Why GPCT Should Be in Every B2B Marketing Plan

As a business owner or head of marketing, your main responsibility is to grow your company. Everything you do is geared towards helping your company reach the next level. You know that in order to really grow, you need to invest in marketing your business.

But before you invest in your marketing or even engage an agency partner for any marketing services, you need to decide what success really looks like for you. And we mean really defining what you and your team want to achieve through your marketing efforts.

This is where "GPCT" comes in. 

How to Use GPCT to Drive Success

GPCT stands for Goals, Plans, Challenges, and Timeline. Commonly used in the sales process, GPCT is completely relevant (and essential) to a b2b marketing plan. This framework allows you to identify the gap between where your business is at, and where you want to take it. 


The first part of being successful is identifying quantifiable goals that you want your company to hit. The keyword here is "quantifiable." The goals you outline in the GPCT process connects your high-level ambitions ("grow our business") with metrics or milestones. What are your top priorities for the year?

However, do not confuse goals with objectives during this process. For example, "we need to grow our email list" or "we need to increase our website traffic" is not a business goal, but a tactic. A goal is more meaningful to the business. Think about revenue growth or increasing profitability -- measurements for business growth. 


Once you have a sense of your company goals, planning involves identifying how you and your team will accomplish your goals. This is where your tactics come into play, such as blogging more frequently to attract prospects, or creating a new website to better communicate your service and product offerings.

A good plan will sound something like, "We plan to do x, y and z to increase revenue by 20 percent."

Talk about why you think your plan will succeed or fail. Look at what you've tried in the past, and decide what worked and what didn't work. Basically, you want to come up with activities that will help you reach your goal.


One of the most important pieces of GPCT is identifying any expected challenge that you and your team might come up against. Challenges are "barriers to success" that you need to work through in order to accomplish your goals.

Perhaps one challenge will be finding the time to execute your plan, or maybe you are a new company coming up against many established and reputable brands. Whatever it is, write it down.

You will want to create a plan for how to deal with and get over each challenge as it relates to your plans and your goals. This is a good time to turn to your agency partner for ideas, as well, to help you come up with ways to jump any high hurdles.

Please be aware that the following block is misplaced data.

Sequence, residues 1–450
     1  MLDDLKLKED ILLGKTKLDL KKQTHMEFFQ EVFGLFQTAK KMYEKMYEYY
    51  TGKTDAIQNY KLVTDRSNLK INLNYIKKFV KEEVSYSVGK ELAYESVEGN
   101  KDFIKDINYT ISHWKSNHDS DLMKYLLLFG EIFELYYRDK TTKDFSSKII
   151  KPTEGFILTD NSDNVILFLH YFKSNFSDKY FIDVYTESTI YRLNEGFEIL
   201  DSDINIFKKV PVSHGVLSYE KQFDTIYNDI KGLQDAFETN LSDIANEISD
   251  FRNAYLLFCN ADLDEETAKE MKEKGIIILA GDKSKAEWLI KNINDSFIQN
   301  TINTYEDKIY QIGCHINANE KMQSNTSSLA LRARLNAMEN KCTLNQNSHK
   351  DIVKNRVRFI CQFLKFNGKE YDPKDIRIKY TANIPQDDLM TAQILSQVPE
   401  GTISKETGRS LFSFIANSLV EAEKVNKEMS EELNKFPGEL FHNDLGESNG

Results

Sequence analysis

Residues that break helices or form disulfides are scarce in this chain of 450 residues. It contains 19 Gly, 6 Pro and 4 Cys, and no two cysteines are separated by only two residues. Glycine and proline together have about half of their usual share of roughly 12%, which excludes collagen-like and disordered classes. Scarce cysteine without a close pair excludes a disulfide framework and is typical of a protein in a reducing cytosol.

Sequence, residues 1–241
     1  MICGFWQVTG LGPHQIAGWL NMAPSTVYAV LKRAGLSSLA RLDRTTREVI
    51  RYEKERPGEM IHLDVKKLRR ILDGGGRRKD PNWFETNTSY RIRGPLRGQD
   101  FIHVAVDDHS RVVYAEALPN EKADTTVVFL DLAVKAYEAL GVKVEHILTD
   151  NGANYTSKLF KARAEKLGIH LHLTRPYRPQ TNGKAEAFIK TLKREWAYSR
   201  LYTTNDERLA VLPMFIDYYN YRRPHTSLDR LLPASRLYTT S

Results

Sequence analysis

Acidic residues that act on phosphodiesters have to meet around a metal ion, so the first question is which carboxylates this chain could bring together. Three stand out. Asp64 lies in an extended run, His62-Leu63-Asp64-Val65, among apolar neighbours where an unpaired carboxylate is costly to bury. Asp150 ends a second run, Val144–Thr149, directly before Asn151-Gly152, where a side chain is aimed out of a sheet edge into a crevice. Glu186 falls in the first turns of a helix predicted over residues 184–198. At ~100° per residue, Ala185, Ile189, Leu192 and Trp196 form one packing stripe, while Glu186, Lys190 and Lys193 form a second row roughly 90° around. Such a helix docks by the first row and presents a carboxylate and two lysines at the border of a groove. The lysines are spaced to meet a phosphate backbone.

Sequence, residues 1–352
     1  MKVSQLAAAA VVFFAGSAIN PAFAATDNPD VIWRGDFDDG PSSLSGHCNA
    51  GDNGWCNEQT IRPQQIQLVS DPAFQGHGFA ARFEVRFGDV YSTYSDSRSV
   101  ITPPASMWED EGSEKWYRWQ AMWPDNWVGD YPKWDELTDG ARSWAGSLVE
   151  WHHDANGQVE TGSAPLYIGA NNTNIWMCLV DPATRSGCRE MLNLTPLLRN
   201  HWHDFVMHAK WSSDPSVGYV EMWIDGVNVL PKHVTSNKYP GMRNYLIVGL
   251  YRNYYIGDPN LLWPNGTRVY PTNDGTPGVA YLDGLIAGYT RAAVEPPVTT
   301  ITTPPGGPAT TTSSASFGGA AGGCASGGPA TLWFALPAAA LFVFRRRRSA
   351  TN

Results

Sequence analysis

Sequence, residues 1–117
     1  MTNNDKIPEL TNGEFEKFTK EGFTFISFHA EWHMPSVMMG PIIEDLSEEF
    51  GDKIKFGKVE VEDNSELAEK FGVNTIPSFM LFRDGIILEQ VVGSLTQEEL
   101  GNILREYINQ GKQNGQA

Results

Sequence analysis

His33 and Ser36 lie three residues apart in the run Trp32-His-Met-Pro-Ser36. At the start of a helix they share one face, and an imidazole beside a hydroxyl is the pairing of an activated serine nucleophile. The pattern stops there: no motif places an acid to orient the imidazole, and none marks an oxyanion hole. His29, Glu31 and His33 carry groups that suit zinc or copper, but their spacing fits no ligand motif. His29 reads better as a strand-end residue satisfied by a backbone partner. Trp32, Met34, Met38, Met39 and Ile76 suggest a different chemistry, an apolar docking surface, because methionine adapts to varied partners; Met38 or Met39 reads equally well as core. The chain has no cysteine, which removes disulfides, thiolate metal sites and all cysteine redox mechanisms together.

What are the deadlines by which you and your team are expected to achieve your goals? If you don't have a date already, choose a specific timeline for your plan.

For example, "We plan to do x, y and z to increase revenue by 20 percent by the end of the year." That's a good timeline because it provides a specific target date by which you want to accomplish your goal. A timeline like "increase revenue by 20 percent in year two or three" is not a real deadline, because it doesn't really set specific expectations for timing. You get the picture.

Setting a Marketing Budget to Support Your Goals

The timeline and goals usually will set the framework for your marketing budget. If you need to make a big impact in a short period of time (let's say "increase revenue by 20% in Q2" or "double our revenue by the end of the year), you'll want to allocate a budget that will support an accelerated plan.

If revenue and lead generation are goals for your company, you will want to take a look at what your average cost per lead is, what your average close rate has been and how much value each client typically brings to your company to calculate your marketing investment. Our recent article answering, "How Much Should I Spend on Marketing?" gives you the exact calculations for this. 

GPCT Provides Accountability for Success

When you use the GPCT framework for setting actionable plans for measurable goals, you are also ensuring that both sales and marketing will be accountable to your goals. This goes for your agency partners as well. When we know what a client's goals are and when they need to achieve them by, we are in a much better position to come up with a specific plan to accomplish those goals.

Without knowing your goals, plans, challenges or timeline, your marketing campaigns can be aimless and fall short of the actual (but undefined) mark. Use GPCT as a kick off for your quarterly or yearly B2B marketing plan to really drive success this year.
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About the Author: Gregg Anderson

Gregg Anderson

Gregg is principal and senior advisor of 41 Orange.

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